The carbon intensity of steelmaking varies not just by technology type but also by the share of primary versus recycled material inputs used in production. Primary steel production is significantly more carbon-intensive than secondary production since it largely uses metallurgical coal to reduce iron ore. A single benchmark for the sector could incentivize steel producers to increase the use of scrap as a decarbonization strategy but — since global scrap availability is finite — this strategy is limited as it could result in scrap being redistributed rather than in emissions reductions. The Sustainable Steel Principles
differentiate between primary and secondary steelmaking, keeping the focus to transitioning primary steel production which requires the adoption of clean end-state technologies rather than a more incremental approach that risks moving emissions between steelmakers. 

Exhibit 2: Global emissions intensity of steelmaking by technology and input mix
| Source: CRU 

The Poseidon Principles for shipping, which launched in 2019, spearheaded the sector-specific approach to emissions measurement and target setting. Under the Poseidon Principles, a vessel’s emissions intensity is compared against a decarbonization trajectory for its respective ship type and size class, acknowledging that vessels will face different constraints and opportunities to decarbonize. By linking the methodology to data available through the International Maritime Association, the Principles also paved the way for other sectoral approaches to ensure that high-quality data could be available for reporting.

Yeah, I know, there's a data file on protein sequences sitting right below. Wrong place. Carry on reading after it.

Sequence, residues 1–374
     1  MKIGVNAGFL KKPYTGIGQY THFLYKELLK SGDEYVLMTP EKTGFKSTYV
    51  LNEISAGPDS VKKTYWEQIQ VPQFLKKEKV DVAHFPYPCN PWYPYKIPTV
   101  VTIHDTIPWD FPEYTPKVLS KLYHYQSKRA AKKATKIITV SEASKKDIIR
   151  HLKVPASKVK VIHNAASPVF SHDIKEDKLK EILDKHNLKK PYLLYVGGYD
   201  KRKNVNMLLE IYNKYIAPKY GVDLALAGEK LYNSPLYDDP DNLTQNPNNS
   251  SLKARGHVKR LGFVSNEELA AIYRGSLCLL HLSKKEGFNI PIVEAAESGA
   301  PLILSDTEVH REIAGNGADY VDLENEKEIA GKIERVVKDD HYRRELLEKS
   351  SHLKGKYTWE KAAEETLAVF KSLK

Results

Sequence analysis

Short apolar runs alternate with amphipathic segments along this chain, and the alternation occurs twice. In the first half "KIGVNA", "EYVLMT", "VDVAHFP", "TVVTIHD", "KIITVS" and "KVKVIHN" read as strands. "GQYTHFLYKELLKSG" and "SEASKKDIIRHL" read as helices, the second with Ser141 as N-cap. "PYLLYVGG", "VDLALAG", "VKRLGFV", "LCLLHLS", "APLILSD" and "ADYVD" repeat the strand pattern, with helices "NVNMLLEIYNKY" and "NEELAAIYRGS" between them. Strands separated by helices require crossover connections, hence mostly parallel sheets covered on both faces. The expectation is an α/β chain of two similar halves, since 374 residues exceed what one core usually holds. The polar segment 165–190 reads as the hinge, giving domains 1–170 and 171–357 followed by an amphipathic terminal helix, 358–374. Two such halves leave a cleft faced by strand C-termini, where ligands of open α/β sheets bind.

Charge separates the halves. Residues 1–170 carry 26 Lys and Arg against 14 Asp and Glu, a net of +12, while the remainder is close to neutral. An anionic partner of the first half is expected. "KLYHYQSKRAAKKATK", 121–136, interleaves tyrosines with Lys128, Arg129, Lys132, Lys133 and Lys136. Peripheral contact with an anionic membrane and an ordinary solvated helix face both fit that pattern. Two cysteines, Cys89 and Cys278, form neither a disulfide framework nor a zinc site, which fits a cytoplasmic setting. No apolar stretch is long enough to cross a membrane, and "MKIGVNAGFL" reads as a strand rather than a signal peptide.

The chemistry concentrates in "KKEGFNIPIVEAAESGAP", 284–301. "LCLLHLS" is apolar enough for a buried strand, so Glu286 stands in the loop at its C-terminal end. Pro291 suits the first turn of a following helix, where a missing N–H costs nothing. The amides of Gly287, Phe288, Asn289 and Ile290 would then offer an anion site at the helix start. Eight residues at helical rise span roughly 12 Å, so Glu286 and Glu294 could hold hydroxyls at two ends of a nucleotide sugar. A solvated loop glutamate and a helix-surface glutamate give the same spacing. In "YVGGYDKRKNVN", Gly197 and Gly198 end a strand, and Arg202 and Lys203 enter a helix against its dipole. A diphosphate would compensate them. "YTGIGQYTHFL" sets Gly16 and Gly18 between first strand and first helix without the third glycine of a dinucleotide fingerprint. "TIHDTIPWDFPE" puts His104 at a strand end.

Sector-based frameworks are an essential first step for banks to meet climate goals

Ultimately, a robust target-setting framework is not only a tool to meet banks’ commitments, but a vital tool to enable the real economy to meet its climate goals. RMI’s sector-based frameworks enable standardized comparisons between clients and across portfolios and to catalyze more effective collaboration between lenders and their clients on their transition to a low-carbon future. The frameworks aim to provide decision-makers with the intelligence necessary to engage clients, steer capital, and shift from reducing financed emissions to driving emissions reductions in sectors that are critical to our way of life.